Jackie Curtis’s Lucky Wonderful

Jackie Curtis’s Lucky Wonderful

Jackie Curtis, who was always writing, quickly followed his theatrical debut with a musical, Lucky Wonderful. It was based on the life of Tommy Manville, a playboy socialite who had several strange, exotic wives. “Jackie decided to write a musical,” Melba LaRose said, “and he starred in it, and Paul Serrato wrote the music for it.” Serrato also composed music for Curtis’s biggest underground hit, 1971’s Vain Victory, and he later did a cabaret act with Holly Woodlawn. He first met Curtis when he worked at the Paperback Gallery, one of Greenwich Village’s literary hotspots. “Jackie would come in, as everybody did,” He first said. “Through one thing or another—we were all very young then—Jackie and I became friends. Jackie learned that I was a musician and composer, and he came in and told me, ‘I’m writing this script for this musical. You want to do the music for it?’ And so I said, ‘Of course.’ And that’s how we met, in a Greenwich Village bookstore.” Lucky Wonderful included a lovely bossa nova number, “My Angel,” along with the sultry “White Shoulders, Black and Blue” (the song was later revived in Vain Victory for Candy Darling to sing). The songs were fairly low-key, though the acting was wildly animated. “Jackie wrote things with tremendous energy,” Melba LaRose said, “and each show was only an hour and ten minutes straight through. It was high, high octane energy.”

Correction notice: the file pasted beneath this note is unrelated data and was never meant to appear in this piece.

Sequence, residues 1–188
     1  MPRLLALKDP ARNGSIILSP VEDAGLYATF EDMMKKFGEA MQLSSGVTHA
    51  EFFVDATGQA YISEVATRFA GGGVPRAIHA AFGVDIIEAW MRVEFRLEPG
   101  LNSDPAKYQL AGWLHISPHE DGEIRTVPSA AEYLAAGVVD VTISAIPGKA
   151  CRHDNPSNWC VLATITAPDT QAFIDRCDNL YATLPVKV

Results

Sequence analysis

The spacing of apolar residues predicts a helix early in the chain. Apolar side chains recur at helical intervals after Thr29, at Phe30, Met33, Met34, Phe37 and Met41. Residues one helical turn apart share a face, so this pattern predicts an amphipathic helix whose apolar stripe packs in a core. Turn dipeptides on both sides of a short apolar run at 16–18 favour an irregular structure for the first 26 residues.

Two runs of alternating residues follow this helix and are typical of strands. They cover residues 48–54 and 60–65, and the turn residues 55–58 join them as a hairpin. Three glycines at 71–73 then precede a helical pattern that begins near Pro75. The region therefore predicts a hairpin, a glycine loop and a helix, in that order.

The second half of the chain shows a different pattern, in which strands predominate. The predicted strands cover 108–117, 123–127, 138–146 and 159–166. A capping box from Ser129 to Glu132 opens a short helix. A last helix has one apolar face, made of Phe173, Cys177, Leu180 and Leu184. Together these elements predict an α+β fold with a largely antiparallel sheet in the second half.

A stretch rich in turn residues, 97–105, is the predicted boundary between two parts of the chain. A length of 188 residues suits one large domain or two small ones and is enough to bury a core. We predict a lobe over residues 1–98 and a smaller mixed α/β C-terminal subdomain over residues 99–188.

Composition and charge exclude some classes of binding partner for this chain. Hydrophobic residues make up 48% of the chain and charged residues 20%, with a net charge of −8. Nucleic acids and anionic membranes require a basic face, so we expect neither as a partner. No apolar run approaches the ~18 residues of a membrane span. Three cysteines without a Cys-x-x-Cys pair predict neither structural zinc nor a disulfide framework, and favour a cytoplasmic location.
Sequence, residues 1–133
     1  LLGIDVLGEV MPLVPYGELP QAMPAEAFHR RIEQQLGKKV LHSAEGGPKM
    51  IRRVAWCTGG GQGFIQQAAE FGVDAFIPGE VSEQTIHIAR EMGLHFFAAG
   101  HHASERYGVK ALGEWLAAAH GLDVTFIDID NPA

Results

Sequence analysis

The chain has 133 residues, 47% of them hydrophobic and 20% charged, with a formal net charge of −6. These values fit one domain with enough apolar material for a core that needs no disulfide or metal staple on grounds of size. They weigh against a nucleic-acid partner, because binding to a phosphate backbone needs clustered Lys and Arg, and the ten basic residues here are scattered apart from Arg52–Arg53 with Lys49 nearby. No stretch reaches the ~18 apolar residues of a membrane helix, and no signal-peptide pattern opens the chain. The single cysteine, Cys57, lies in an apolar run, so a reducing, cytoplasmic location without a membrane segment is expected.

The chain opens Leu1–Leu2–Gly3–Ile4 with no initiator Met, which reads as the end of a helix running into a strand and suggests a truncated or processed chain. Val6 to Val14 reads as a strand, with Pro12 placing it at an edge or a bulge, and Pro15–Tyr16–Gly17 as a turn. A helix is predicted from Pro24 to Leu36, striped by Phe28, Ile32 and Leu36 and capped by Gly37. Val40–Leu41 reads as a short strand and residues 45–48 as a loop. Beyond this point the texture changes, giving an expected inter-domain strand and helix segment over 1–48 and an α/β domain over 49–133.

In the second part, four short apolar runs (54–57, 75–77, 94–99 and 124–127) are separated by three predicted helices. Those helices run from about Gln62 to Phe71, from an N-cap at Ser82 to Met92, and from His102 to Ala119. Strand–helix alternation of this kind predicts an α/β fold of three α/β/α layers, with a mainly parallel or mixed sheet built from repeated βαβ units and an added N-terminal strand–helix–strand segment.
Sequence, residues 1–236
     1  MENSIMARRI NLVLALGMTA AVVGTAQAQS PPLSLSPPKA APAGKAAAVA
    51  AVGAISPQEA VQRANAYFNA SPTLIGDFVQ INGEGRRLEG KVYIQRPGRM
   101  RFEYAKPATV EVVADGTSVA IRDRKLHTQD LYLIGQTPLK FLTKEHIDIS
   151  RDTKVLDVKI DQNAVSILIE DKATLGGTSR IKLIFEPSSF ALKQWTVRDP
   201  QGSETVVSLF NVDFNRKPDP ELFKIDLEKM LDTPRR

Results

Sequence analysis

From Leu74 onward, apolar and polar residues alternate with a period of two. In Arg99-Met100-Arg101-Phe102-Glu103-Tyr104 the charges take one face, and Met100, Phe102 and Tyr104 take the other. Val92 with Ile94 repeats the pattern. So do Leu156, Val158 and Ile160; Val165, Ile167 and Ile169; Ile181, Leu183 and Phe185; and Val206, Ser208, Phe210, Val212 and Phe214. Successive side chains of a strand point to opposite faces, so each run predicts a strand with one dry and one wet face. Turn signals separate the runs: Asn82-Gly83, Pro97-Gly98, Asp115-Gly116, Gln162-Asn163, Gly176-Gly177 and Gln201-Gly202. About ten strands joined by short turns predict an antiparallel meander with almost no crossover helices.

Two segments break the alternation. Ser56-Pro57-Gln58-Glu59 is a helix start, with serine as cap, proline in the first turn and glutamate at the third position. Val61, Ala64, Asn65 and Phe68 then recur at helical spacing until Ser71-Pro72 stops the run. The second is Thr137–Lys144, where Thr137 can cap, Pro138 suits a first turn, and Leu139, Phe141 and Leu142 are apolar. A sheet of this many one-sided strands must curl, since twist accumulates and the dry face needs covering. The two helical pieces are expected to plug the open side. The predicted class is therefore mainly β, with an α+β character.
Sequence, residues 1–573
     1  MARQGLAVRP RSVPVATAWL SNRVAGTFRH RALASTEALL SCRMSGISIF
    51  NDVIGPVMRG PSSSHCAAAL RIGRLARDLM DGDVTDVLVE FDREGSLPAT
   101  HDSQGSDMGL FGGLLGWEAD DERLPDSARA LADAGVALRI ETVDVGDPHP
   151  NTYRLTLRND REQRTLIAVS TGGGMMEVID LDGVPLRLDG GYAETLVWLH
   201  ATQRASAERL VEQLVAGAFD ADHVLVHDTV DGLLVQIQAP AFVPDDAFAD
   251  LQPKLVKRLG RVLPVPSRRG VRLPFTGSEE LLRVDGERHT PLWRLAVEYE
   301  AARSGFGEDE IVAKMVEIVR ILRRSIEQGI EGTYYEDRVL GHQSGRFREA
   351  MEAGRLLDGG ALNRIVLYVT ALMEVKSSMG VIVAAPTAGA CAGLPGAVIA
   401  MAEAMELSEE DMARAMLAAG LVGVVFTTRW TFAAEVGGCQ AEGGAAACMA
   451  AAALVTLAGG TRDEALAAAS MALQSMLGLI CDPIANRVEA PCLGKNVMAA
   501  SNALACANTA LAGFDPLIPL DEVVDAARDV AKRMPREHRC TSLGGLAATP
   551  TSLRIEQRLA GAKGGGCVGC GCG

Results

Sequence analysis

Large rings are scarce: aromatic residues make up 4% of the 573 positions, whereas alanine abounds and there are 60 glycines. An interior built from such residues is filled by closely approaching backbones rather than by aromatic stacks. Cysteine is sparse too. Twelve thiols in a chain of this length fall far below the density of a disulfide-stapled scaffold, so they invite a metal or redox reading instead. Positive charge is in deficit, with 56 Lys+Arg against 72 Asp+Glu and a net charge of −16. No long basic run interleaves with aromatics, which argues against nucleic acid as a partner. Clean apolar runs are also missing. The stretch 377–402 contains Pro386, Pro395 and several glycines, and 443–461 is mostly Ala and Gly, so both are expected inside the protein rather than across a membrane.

From Chapter 17 of The Downtown Pop Underground — order online, or from a local independent bookstore


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